In my previous posting on Wal-Mart, I noted that the place has really gone to hell in a handbasket. And this is not only because of decisions made in Benton, Arkansas, but because of poor management of the local store. Wal-Mart has screwed the pooch, and the 10% drop in share price reflects this.
We were Publix people when living in Florida - they have amazing stores there - clean, well-stocked, and huge. Here in Georgia, we have one Publix, and well, it is a little sad compared to the ones in Florida.
There is a Harris Teeter here, but that is pretty far away, and a small store with high prices, although they have a staggering wine department.
When the recession hit, we explored the local Wal-Mart and were pleasantly surprised with the selection and the prices. But Wal-Mart dropped the ball, dropping many of its best store-branded products in favor of leasing shelf space to Nabisco and other big suppliers. The store got dirty and disorganized. Whole sections of shelving were bare. Garbage in the aisles. Abandoned cars in the parking lot. The raison d'être for going there ceased. And few of the customers there would have understood the last sentence.
We tried a local chain, Harvey's, which has really good meat, but they sell a lot of junk food and the store is poorly organized - potato chips on every aisle, it seems (again, the practice of leasing end-caps makes a store a nightmare mish-mash of displays).
Winn Dixie was never our first choice. When we moved here the store was older and not attractive. But since then, they have remodeled the stores (there are three, with the one on St. Simons Island being the nicest).
The store is clean, has a good selection, is well-stocked, has good food, a reasonable wine selection, good deli and great bakery (the cakes in Brunswick are pretty amazing).
I was a little annoyed with their promotional tactics - again, they throw pennies at us, hoping we spend dollars. You get 50 cents off on a gallon of gas, as I previously noted, if you buy a certain amount of food.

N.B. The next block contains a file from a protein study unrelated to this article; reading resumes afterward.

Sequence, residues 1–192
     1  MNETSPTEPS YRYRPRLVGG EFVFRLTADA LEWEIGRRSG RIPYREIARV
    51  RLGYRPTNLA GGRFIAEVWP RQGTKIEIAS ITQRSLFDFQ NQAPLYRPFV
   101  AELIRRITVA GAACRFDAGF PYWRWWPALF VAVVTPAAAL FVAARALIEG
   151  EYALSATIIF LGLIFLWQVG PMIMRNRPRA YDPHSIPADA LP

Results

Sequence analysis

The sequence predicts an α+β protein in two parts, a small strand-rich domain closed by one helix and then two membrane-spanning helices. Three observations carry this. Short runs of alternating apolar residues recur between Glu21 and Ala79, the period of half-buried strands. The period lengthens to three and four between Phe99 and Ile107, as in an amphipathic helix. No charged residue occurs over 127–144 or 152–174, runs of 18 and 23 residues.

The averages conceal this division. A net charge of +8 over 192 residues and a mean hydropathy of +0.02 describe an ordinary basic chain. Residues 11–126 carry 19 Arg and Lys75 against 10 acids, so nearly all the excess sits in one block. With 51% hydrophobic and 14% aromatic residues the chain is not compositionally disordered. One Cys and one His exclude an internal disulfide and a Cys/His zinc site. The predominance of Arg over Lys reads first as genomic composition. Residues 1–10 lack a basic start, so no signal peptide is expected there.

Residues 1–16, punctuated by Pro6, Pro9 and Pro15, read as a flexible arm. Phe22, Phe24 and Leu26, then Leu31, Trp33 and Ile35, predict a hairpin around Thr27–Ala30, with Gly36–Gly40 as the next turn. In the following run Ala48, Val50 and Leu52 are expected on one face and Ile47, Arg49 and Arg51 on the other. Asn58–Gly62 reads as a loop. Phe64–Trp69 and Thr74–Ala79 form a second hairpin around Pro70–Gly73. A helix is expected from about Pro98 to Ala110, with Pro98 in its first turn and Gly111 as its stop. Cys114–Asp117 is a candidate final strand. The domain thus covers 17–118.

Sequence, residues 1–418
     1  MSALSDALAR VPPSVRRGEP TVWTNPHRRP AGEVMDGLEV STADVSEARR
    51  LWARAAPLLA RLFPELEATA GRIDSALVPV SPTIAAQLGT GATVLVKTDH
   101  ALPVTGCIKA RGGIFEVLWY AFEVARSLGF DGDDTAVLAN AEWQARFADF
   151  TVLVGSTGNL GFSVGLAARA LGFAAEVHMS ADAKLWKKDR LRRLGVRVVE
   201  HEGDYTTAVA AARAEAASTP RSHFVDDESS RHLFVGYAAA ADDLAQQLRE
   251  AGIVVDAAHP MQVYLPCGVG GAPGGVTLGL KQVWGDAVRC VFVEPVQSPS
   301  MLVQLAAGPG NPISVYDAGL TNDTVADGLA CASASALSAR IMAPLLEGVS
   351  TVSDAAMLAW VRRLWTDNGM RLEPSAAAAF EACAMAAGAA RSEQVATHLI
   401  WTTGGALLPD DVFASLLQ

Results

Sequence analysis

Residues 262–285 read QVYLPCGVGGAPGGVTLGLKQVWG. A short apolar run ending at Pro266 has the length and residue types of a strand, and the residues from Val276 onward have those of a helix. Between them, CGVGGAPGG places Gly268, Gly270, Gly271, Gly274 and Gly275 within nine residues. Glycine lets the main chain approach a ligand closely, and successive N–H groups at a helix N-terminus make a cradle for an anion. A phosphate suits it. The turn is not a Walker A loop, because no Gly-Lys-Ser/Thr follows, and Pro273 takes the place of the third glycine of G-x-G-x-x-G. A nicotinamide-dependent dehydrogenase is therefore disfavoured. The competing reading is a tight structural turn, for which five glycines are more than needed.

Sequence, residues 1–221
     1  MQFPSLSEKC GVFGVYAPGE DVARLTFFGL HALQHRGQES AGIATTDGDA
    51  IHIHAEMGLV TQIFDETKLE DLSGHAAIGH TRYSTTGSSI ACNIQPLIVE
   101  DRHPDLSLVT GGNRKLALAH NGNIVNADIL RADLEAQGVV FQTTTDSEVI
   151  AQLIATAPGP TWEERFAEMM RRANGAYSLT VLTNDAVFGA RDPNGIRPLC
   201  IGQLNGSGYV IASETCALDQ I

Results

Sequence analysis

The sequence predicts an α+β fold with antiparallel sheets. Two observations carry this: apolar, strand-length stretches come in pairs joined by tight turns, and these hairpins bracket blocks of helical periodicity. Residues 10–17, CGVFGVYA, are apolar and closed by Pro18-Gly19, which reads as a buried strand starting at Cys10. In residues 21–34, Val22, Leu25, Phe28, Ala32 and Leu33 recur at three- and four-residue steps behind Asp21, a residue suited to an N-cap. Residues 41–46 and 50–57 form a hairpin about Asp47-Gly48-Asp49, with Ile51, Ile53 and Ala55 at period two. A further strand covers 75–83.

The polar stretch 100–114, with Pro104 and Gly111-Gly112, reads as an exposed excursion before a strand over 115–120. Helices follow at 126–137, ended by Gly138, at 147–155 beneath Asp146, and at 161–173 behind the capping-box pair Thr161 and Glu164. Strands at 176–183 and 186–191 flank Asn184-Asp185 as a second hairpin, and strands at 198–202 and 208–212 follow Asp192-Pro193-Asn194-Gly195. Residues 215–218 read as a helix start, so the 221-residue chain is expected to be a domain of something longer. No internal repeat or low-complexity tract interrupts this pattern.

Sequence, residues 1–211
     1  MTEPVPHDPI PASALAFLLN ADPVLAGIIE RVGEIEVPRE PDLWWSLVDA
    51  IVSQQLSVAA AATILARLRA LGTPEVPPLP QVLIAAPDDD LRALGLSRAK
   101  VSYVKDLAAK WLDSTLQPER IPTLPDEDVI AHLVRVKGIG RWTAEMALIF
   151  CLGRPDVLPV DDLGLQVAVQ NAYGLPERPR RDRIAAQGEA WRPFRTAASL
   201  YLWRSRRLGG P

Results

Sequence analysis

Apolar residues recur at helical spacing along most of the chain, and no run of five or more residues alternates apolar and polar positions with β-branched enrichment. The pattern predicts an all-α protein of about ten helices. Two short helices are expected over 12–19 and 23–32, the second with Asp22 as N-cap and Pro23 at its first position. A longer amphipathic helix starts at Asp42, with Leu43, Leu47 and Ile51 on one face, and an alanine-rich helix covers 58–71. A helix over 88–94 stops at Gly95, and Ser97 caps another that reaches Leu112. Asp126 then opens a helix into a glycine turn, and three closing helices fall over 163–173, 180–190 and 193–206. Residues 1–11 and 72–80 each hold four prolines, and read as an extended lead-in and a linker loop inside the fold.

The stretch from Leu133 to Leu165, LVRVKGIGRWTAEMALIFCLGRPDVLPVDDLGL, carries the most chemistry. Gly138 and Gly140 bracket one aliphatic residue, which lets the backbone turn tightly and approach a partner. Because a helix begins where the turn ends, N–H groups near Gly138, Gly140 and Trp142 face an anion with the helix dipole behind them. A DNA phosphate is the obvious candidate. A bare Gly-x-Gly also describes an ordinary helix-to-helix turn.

Other promotions are a bit whimsical. Buy four boxes of cereal (or oatmeal) and get $14 worth of milk, orange juice, Folger's coffee, and donuts. They ran this under the banner, "everyone gets breakfast!" It was a little fun, even if a come-on.
Since then, they have done similar promotions, tying like items together (materials for a backyard barbecue, for example). Promotions and schemes generally annoy me - I prefer basic low prices, and hence my initial attraction to Wal-Mart. But if you don't have products in stock, what's the point of having low prices?
The tipping point for me, however, has been the pharmacy. They match Wal-Mart's pricing plans, so I can get the Wal-Mart price, without having to go to Wal-Mart. And since we are already in the store, picking up a prescription is easier as well.
The question remains, is this a fluke, or part of an overall plan on the part of Winn-Dixie? Apparently the latter. The company emerged from bankruptcy a few years back and has spun off its manufacturing divisions, selling the last of them, a bottling plant, to Polar. The goal is to concentrate on running the stores, instead of vertical integration. And an aggressive store remodeling plan has helped the company shed its former image of run-down stores in poor neighborhoods.
It sounds like a pretty good plan, to me. And it seems to be working so far.
So I logged onto Ameritrade and bought some stock in the company - $7 a share. What have I got to lose?
UPDATE: May 25, 2011. Apparently I made the right call here. The stock is up over 26% since I bought it. Sometimes, we get lucky.